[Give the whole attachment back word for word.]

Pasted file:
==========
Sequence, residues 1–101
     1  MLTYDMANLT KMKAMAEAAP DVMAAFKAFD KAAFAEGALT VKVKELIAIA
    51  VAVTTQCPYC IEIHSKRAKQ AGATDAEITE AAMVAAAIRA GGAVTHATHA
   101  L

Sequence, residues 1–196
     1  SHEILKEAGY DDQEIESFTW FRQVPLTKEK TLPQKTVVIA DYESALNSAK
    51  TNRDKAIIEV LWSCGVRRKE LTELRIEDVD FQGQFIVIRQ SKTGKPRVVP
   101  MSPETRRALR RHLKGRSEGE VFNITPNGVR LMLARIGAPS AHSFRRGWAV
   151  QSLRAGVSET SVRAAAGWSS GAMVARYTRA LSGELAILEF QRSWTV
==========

Sequence, residues 1–101
     1  MLTYDMANLT KMKAMAEAAP DVMAAFKAFD KAAFAEGALT VKVKELIAIA
    51  VAVTTQCPYC IEIHSKRAKQ AGATDAEITE AAMVAAAIRA GGAVTHATHA
   101  L

Sequence, residues 1–196
     1  SHEILKEAGY DDQEIESFTW FRQVPLTKEK TLPQKTVVIA DYESALNSAK
    51  TNRDKAIIEV LWSCGVRRKE LTELRIEDVD FQGQFIVIRQ SKTGKPRVVP
   101  MSPETRRALR RHLKGRSEGE VFNITPNGVR LMLARIGAPS AHSFRRGWAV
   151  QSLRAGVSET SVRAAAGWSS GAMVARYTRA LSGELAILEF QRSWTV